Pigeon Island, Guadeloupe
Our snorkel off Pigeon Island, Guadeloupe, was as good as we had hoped. Lots of friendly fish not at all bothered by snorkelers, I was swimming along staring at the coral beneath me when I glanced to my right and jumped when I saw a large fish staring into my goggles – the fish incidentally jumped too! It was a funny moment, but you get used to their closeness as you become enveloped amongst inquisitive fish. We saw a very large spotted porcupine fish, they are so beautiful with very round heads and large dopey eyes. You could see the spines on this one lying flat against its skin, they blow themselves up to erect their spines when threatened so we left him well alone. We have seen only a couple before in the BVI’s and St Martin, and as they are quite shy and hide under rocks when they spot you we haven’t been able to make out their spines before. A large school of Blue Tang are always a delight to see, and hidden swimming amongst them are other species of fish trying to go unnoticed including a very large trumpet fish hanging upside down. A sea snake slithered its way across a patch of sand and disappeared under a rock. On the way back to the dinghy we ‘ran’ into a couple of small jelly fish, their transparent bodies only a couple of centimetres long, I managed to get out of the way and Jez unfortunately got stung, nothing major just like a sharp nettle sting although it leaves a mark for a few days. We were pleased to have chosen an early snorkel, as just as we were leaving hoards of day trip boats and kayakers descended on the island. The jellies got me later in the day when I went for a swim off the boat whilst the boys were back on Pigeon Island for a scuba dive.
The following day we roared off out of the anchorage in a great gust of 22 knots, steaming ahead at 8 knots we were healed over to the gunnels. Then in a split second the wind disappeared to zero for a few minutes, then another gust and we were off again screaming past Pannikin who had not had the gust yet! Then back to 5 knots and after an hour and half, still with Pigeon Island clearly in sight, we gave up and put the motor on! This at least gave me a chance to knock up the bread for lunch, rather difficult when the boat is on its side – although do-able, your mountaineering skills are put into practice, it takes five times as long and you get covered in flour and bruises. The calmness only lasted an hour, and then we found 20-25 knots off the mountains to carry us down the east coast of Guadeloupe and across the strait to Terre-de-Haut, one of the Isles des Saintes, with only two extra tacks needed.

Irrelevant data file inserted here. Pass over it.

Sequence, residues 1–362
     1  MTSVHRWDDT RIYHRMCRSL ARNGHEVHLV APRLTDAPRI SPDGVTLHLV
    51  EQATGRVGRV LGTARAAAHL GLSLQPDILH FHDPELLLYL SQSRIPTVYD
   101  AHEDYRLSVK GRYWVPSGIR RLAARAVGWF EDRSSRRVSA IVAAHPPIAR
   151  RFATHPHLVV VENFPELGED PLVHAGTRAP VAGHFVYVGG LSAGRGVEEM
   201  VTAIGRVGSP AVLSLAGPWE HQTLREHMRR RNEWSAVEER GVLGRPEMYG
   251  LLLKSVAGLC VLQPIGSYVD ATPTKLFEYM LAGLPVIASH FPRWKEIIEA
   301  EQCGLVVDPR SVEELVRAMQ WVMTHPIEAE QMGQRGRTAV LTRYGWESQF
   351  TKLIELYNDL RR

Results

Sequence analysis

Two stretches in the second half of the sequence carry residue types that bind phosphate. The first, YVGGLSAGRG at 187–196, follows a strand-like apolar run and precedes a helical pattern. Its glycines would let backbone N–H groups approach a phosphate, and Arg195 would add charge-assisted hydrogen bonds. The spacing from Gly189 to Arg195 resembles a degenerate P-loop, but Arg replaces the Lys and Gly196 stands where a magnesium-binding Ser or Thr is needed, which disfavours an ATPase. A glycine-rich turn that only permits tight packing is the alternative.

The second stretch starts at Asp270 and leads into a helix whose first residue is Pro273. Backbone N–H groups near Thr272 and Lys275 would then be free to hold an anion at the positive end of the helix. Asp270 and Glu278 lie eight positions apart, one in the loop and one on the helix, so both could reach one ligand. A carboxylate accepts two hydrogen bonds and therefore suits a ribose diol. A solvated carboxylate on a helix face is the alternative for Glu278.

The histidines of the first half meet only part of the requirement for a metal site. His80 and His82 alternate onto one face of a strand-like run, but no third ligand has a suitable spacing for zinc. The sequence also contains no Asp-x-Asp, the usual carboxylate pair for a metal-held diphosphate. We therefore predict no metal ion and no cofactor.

We anchored off a delightful beach at Anse a Cointe, and took time to cool off with a snorkel along the reef at the base of the rocky coastline. As we got back to the boat we noticed dozens of jelly fish along Joy’s hull waiting to pounce. These ones were different, same size but with no tentacle and strange electric pulses flashing through their bodies like fairy lights. I got back on board quickly unscathed but Jez swam on to check the anchor and sported another rash on his upper arm when he got back. We were glad, however, to have a lovely calm anchorage to get a good night sleep before our sail to Dominica the following day.